Napoleon Bonaparte was, indeed, was a man with a purpose, a leader with the intention to defeat and conquer, gaining control and authority so that his goals and intentions for control and sovereignty might be achieved. The way in which he went about attaining these objectives is seen and observed in the approach by which he both sustained and broke from the aims of his revolutionary predecessors. The battlefield was the place in which the majority of his ability, intelligence and competence were either in support of or in antagonism against the great rulers and monarchs who have built and paved the passageway before him.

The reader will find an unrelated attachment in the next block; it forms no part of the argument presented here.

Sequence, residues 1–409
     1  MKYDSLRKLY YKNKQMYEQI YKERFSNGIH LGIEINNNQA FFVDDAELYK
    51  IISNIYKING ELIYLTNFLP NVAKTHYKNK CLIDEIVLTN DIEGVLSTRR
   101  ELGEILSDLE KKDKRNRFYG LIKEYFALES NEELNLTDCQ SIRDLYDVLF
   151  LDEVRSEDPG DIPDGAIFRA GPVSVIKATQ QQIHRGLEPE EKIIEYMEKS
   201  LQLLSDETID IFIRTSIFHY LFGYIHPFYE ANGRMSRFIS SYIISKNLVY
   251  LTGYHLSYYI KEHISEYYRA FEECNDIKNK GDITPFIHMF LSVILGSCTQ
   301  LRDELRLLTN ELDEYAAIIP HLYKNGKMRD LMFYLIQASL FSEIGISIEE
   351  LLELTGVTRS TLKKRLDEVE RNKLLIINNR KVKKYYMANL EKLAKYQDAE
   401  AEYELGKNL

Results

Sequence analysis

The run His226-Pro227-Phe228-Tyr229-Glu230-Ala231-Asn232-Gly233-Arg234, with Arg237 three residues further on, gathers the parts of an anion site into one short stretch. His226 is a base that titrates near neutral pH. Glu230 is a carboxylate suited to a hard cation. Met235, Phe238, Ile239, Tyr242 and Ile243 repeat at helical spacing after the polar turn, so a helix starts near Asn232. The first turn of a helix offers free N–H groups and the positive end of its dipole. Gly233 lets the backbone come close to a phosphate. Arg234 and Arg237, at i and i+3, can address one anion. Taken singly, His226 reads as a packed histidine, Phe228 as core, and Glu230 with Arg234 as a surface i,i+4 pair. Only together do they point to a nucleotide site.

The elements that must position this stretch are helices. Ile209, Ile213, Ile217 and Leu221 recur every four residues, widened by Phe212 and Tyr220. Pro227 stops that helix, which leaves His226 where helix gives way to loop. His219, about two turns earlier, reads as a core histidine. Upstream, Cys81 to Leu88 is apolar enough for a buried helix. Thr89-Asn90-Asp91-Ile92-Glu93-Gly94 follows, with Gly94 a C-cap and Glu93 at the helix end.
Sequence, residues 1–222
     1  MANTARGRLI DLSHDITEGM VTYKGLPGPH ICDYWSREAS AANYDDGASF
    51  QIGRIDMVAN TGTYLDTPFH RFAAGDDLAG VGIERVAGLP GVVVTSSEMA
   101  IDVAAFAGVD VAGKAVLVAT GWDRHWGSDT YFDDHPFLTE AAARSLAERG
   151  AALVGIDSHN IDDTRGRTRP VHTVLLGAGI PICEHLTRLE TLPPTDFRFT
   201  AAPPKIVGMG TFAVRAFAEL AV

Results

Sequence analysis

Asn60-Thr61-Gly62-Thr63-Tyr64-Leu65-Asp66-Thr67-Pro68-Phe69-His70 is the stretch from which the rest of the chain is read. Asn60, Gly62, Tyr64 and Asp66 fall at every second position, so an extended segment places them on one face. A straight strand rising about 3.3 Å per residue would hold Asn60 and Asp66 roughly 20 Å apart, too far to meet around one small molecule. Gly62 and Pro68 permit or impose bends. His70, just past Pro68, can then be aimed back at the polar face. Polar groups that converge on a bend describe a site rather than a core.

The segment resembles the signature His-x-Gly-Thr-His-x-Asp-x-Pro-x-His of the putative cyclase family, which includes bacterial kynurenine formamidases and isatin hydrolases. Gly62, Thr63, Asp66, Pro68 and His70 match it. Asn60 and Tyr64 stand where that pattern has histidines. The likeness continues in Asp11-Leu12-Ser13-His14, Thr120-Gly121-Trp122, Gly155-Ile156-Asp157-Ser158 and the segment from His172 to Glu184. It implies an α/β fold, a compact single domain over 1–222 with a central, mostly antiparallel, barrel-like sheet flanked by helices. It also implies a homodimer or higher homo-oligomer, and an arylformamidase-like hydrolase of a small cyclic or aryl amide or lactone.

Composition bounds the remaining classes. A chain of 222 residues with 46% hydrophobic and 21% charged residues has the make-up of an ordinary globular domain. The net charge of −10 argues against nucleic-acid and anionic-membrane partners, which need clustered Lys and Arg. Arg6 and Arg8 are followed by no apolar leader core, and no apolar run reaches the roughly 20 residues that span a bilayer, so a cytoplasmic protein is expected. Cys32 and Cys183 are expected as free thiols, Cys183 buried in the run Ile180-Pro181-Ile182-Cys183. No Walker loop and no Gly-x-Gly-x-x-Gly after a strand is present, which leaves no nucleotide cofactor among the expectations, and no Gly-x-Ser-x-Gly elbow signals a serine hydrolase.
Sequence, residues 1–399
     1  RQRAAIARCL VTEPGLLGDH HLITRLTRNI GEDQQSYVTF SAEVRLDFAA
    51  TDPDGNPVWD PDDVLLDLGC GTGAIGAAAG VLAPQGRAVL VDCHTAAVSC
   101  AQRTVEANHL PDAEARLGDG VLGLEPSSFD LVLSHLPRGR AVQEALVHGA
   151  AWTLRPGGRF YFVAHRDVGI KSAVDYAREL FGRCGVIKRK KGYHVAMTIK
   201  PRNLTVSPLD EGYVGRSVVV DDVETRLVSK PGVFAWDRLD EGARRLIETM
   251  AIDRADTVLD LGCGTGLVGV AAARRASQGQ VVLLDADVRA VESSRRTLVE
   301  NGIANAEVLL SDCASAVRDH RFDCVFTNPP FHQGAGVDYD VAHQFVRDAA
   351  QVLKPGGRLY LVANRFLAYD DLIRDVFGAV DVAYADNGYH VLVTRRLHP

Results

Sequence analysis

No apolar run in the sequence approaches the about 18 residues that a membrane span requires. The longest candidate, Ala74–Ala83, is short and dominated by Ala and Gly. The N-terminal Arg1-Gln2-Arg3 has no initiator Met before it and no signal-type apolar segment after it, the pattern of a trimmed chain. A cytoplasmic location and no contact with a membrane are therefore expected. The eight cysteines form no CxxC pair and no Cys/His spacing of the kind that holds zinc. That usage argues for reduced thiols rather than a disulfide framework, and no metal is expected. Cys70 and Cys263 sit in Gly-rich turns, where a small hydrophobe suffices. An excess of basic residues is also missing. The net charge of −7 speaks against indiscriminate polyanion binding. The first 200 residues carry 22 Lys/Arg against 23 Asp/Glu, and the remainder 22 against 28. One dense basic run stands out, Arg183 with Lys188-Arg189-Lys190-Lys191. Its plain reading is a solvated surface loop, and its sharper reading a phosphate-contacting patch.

Many scholars and intelligent historians who have studied Bonaparte and the many courses of actions he took, still argue and debate about the question of whether he obstructed, upheld or in fact ‘expanded’ the goals of the French Revolution. And to this very day, they have come to no final answer. This is due to the evident fact that in some ways, Napoleon had unquestionably followed the aims and goals of his predecessors during the revolution but in more ways than one, he, as a ruler, had also established and set forth systems that were opposed to the revolutionaries in the late 1700s. In the economic aspect, Bonaparte certainly followed certain values of the revolution in his economic reform of the country. Introducing the Bank of France in 1803, along with the valuables France acquired from plundering defeated powers aided the economy. Napoleon also initiated